Litigation Topics: Mediation

Mediation Confidentiality – Courts are Serious About It - Even Lawyer Malpractice Can’t Crack the Code

The California Supreme Court is serious about protecting and enforcing mediation confidentiality.  To be sure, the Evidence Code provides explicit protection.  Sections 1115-1123 generally provide that anything said in the course of mediation is confidential and cannot be used as evidence in court.

Mediation Privilege Bars Evidence From Mediator Unless Parties Specifically Agree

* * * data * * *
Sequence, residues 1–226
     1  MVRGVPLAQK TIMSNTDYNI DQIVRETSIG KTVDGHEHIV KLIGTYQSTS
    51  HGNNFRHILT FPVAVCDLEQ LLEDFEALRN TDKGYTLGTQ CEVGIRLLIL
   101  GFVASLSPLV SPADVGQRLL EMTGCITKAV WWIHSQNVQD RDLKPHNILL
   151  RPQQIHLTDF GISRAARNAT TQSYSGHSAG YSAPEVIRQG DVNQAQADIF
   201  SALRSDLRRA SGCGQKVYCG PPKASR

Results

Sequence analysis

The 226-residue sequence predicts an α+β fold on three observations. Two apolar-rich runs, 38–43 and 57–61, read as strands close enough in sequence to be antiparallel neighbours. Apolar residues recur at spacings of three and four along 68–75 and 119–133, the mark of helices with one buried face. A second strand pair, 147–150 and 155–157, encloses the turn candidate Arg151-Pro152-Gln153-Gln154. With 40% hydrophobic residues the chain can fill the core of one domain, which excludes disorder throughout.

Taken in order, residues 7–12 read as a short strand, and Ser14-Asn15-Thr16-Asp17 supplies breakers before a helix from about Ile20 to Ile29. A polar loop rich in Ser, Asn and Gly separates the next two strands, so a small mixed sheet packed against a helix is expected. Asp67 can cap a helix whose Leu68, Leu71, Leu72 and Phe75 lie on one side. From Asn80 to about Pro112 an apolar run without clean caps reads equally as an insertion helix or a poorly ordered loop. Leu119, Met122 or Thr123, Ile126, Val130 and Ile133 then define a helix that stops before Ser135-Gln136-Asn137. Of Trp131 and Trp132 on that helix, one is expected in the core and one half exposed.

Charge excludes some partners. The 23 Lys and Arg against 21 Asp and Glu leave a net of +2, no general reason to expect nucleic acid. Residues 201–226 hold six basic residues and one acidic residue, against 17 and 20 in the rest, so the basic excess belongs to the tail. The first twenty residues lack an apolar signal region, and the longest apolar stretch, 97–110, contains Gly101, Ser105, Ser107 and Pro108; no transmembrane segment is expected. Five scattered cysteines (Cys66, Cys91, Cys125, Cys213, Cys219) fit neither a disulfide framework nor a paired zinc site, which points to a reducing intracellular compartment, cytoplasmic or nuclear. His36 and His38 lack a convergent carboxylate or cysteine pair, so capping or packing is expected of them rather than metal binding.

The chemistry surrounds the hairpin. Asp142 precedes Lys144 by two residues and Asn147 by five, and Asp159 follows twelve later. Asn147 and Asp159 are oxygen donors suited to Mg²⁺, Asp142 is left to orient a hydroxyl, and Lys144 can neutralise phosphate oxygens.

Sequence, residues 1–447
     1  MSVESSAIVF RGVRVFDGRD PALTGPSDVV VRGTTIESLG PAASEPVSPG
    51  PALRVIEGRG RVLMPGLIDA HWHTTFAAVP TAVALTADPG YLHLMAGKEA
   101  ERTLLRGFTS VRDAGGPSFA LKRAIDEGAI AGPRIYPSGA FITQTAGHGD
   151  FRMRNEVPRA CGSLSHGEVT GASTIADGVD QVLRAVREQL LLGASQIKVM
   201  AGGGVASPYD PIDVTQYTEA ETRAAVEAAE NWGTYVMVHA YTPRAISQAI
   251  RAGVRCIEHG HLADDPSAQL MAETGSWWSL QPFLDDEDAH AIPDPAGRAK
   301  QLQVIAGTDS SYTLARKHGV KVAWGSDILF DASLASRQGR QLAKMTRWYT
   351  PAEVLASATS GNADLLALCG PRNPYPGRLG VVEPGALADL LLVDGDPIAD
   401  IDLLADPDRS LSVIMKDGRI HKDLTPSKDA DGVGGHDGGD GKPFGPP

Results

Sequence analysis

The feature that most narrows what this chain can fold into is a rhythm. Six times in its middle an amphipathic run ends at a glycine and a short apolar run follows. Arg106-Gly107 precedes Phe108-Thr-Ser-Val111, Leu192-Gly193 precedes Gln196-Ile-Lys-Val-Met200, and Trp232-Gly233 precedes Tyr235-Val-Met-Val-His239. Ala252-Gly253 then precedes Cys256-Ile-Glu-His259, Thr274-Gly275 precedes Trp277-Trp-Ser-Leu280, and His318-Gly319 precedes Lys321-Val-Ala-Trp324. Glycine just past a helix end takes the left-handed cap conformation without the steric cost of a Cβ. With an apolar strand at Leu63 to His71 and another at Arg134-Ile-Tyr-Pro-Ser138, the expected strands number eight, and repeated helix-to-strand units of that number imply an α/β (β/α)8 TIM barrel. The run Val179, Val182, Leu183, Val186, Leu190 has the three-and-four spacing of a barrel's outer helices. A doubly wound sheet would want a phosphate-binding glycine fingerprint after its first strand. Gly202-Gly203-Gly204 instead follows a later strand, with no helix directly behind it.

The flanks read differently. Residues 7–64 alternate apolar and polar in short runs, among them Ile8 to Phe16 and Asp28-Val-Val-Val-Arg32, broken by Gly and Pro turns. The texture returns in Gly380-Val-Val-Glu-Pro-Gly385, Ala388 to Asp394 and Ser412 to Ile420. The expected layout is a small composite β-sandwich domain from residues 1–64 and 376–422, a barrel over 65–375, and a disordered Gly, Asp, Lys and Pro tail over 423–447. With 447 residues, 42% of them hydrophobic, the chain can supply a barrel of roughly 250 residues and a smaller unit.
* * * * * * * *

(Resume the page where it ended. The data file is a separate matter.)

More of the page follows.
Discussions that occur in mediation are confidential and cannot be introduced into evidence in later proceedings. And when it comes to the mediator, such testimony cannot be compelled “unless all parties to the mediation expressly agree . . . .” (Cal. Evidence Code section 703.5; see also, Evidence Code section 1119.)

Mediation Privilege Does Not Shield Attorney-Client Communications

When parties participate in mediation, all statements made in the course of the proceedings are privileged and cannot become evidence in a later case. This is the essence of Evidence Code section 1119 which sets forth the “mediation privilege.” The privilege covers oral statements and documents that are prepared for and utilized during the mediation, but does not cover normal evidence that might be discussed at the mediation.